Hookpod
Menu Close

Helping to prevent seabird and turtle bycatch in Brazil.

Posted on: 5th November 2018Brazilian fishermen are keen to be involved with these trials, thanks to the hard work of Projeto Albatroz researchers
If you’re reading this blog, the chances are that you already know the dangers of longline fishing to seabirds and turtles. 

 

Bycatch in longline fisheries is a huge threat for albatrosses, large petrel species, and marine turtles, many of which are already endangered. It is estimated that over 300,000 seabirds are killed by longline fisheries globally every year, as the birds become caught on fishing hooks while they scavenge for the bait being set by the fishermen at the stern of vessel.


Hookpod can help stop these needless deaths of marine wildlife and we are working hard with BirdLife International, the Albatross Task Force (ATF) and Projeto Albatroz in Brazil to stop this. 


Trials in Brazil, South Africa and Australia, have shown that Hookpod can reduce seabird bycatch by up to 95% without affecting the catch of target fish species. In Brazil - a global hotspot for seabird bycatch - the Albatross Task Force team carried out trials in 2017 to monitor the effect of the Hookpod in the pelagic longline fleet. Similar to other studies, the results showed that the Hookpod could reduce seabird bycatch to rates of 0.01 birds/1000 hooks


However, we believe this bycatch rate can be reduced even further if the Hookpod is released at a greater depth, especially in areas with high densities of medium-sized diving petrels capable of retrieving baits from depths beyond 10 meters. There is evidence of deep-setting longline fisheries having lower turtle bycatch rates too. Thus, Hookpods with a greater opening depths may benefit turtles as well as deeper-diving seabirds. 


Thanks to generous crowdfunding earlier this year we are now able to start the production and assembly of the first 3000 Hookpods ready for shipment to Brazil. The devices have started their journey from factory to assembly and we are really hopefully that they will be in Brazil by December to start their important work.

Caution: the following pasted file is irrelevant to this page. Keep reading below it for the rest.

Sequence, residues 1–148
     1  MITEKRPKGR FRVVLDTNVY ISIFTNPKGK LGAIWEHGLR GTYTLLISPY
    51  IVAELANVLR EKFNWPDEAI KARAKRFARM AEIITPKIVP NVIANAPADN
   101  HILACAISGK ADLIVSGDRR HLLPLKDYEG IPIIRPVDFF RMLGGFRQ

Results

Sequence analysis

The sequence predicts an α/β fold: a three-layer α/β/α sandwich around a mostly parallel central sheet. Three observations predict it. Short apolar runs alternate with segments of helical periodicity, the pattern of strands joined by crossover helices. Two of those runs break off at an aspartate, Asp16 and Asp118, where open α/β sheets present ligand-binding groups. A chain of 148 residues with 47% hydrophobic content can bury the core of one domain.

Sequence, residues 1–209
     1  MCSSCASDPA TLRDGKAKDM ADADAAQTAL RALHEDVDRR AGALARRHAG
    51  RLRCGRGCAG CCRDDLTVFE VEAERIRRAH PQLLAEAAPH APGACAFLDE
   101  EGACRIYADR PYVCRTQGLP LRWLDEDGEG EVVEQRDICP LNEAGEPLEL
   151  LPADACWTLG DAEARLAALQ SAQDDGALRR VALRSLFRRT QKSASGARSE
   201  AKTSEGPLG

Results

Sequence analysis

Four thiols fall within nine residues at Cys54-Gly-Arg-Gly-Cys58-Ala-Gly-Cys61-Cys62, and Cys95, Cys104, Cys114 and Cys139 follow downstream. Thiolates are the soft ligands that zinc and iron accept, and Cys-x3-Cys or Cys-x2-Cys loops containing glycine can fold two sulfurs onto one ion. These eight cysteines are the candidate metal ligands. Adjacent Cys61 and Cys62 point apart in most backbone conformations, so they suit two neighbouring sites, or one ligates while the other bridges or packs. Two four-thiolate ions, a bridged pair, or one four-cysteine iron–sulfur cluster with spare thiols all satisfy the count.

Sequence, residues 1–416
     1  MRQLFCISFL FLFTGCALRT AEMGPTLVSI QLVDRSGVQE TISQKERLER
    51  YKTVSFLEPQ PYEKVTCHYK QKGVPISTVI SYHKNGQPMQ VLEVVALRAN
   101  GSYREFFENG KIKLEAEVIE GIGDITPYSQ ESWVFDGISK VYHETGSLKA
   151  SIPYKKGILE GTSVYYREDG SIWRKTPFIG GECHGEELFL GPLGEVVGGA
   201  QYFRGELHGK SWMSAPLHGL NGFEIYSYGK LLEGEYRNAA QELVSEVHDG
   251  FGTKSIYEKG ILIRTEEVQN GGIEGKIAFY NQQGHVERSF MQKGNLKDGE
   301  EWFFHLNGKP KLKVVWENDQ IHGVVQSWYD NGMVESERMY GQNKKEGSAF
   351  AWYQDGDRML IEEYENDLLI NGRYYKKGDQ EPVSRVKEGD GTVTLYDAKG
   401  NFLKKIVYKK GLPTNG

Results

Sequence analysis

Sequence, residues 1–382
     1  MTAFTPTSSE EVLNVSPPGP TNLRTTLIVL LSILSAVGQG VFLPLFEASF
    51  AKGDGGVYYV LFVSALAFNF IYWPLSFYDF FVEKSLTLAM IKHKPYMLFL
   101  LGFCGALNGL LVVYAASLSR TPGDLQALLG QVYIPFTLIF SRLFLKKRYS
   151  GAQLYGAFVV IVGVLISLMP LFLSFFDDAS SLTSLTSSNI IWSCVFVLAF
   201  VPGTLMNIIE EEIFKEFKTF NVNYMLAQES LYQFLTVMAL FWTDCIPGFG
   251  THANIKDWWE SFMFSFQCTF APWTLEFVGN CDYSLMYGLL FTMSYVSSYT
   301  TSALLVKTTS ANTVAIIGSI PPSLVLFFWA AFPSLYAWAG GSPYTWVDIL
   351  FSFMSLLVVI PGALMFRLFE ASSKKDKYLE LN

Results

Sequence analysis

Thanks to the support from so many of you, this will be the largest Hookpod trial ever conducted in which four vessels fitted with Hookpods will be compared to vessels from same fleet, using standard gear to fish in the same area and season. This will involve a huge coordinated effort of dedicated ATF instructors and Projeto Albatroz observers, our strategic partner in Brazil, gathering data onboard vessels with Hookpods as well as standard vessels, simultaneously.


This important work is only possible due to the voluntarily cooperation of fisherman. The ATF team in Brazil have a good relationship with the fleet and have already found five skippers that are keen to take part in this unprecedented and needed research.


The Agreement for the Conservation of Albatrosses and Petrels (ACAP) Advisory Committee added the Hookpod to their list of best practice measures for mitigating seabird bycatch in 2016 and the coming trials have also received support through ACAP's Small Grant scheme.


We await the approval of the Western and Central Pacific Fisheries Commission in December 2018 which will, if granted, allow the use of Hookpods as a standalone measure to prevent seabird bycatch.


Read more about the work of the ATF at  https://bit.ly/2ysgc5j 

 

Becky Ingham, November 2018